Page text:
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The African Elephant
Two distinct types of elephants exist: the African elephant (genus: Loxodonta) and their cousin the Asian elephant (genus: Elephas). Two species of African elephants are recognized: the savanna elephant (L. africana) and the forest elephant (L. cyclotis). Some genetic evidence suggests a third species may exist intermediate to these two: the west elephant. Below are interesting African elephant facts.
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African elephants, the largest land animals in the world, are slightly larger than Asian elephants. They stand (at shoulder height) up to 13 feet high and weigh up to 14,000 pounds. Females are smaller. The largest known African elephant, displayed at the Smithsonian's National Museum of Natural History, stands 13 feet high and weighs 22,000 pounds. They have long trunks which are actually their noses used for breathing, smelling and trumpeting, as well as for drinking, grabbing things and uprooting trees. Males and females have large tusks used to dig for food and strip bark from trees. Males use them to battle one another. Their ears are large and full of veins which help keep them cool in African heat and their wide, padded feet allow them to walk quietly despite their large size.
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Females (cows) and their young live in herds that can consist of up to 100 individuals. Males (bulls) tend to roam on their own and are with the herd only during mating. African elephants roam over great distances and do not sleep much. They can make a variety of vocal sounds, including whistles, trumpeting, grunts, bellows and purrs. Some low-frequency sounds can travel over a mile. They love the water and enjoy showering themselves by sucking up the water in their trunks and spraying it over their bodies. Afterwards, they often spray themselves with dust to protect their coats.
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The savanna elephants live in woodlands and savannas in countries south of the Sahara Desert. The forest elephants live in dense forests of west and central Africa. The suspected third species can be found living in both savanna and forests in west Africa.
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The reason African elephants do not sleep much is because they spend a lot of time eating. An adult elephant can eat 300 to 400 pounds of food each day. They are herbivores and their diet consists of all types of vegetation such as leaves, grasses, roots, bamboo, bark, fruits and vegetables. They can drink up to 50 gallons of water per day.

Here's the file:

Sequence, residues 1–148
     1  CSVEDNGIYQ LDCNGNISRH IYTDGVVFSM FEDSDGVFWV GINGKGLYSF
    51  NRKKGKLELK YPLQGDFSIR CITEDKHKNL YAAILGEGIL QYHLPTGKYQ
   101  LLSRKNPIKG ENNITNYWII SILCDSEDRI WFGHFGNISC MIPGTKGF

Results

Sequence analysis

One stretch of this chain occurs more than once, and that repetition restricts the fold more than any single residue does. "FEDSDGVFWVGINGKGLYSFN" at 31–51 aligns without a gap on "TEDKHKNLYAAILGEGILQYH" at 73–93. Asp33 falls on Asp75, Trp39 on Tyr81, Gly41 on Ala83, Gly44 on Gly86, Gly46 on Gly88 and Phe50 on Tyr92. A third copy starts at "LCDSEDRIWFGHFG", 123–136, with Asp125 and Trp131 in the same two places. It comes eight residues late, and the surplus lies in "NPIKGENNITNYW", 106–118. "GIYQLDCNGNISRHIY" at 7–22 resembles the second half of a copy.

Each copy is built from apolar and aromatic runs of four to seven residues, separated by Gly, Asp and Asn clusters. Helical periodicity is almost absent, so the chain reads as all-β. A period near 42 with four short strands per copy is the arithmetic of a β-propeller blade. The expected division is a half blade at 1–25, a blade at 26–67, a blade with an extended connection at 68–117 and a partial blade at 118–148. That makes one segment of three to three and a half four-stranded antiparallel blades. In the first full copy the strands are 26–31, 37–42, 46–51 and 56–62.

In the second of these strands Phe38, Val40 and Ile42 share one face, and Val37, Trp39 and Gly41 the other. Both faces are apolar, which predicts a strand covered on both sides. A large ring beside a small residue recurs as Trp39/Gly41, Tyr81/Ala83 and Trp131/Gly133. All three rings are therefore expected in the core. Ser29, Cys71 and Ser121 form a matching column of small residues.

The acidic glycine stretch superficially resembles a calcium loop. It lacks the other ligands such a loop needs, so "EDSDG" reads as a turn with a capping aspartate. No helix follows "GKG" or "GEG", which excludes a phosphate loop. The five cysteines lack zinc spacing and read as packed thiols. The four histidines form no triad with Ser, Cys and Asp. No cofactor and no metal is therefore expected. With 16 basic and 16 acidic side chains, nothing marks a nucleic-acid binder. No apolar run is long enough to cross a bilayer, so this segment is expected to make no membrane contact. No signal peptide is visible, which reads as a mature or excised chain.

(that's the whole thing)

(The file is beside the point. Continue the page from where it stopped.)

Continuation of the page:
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Females become sexually mature at 10 to 11 years of age and males at 10 to 20 years. Mating season mostly occurs during the rainy season. The gestation period is longer than any other mammal, lasting about 22 months. She will give birth to one calf (twins are rare) about every four years. Calves will stand about 3 feet high and weigh roughly 200 pounds at birth. Their trunks have no muscle tone at birth so they will suckle through their mouths. It will take a few months before they gain full control of their trunks. The males will usually leave the family unit when they are 12 to 15 years of age. The female elephant is one of the few mammals who lives beyond her reproductive years. The reproductive period usually ends at the age of 50 years. When she is no longer able to give birth, she will assist with the care of other young.
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The following are more interesting African elephant facts:
- Their ears are somewhat shaped like the continent of Africa.
- They can hold up to 3 gallons of water in their trunks.
- Their trunks contain about 100,000 different muscles.
- They can not jump or run but they can walk up to 25 miles per hour and are very good swimmers.
- Their trunks are sometimes used as snorkels as they cross deep water.
- Eighty percent of the vocal sounds these elephants make are inaudible to human ears.
- Unlike the Asian elephants, African elephants are not easily domesticated.
- They are extremely intelligent animals with very good memories.
- They display signs of anger, joy, play and grief. Findings strongly suggest they mourn for their dead, a trait once thought to be unique to humans.
- There were a few million African elephants at the turn of the 20th century. Today, there are an estimated 450,000 to 700,000.
- They live up to 70 years in the wild.
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National Geographic: http://animals.nationalgeographic.com/animals/mammals/african-elephant/
Smithsonian National Zoological Park: http://nationalzoo.si.edu/Animals/AfricanSavanna/fact-afelephant.cfm
Switcheroo Zoo: http://www.switcheroozoo.com/profiles/africanelephant.htm
Animal Planet: Elephants Mourn Their Dead - http://animal.discovery.com/news/briefs/20051031/elephant.html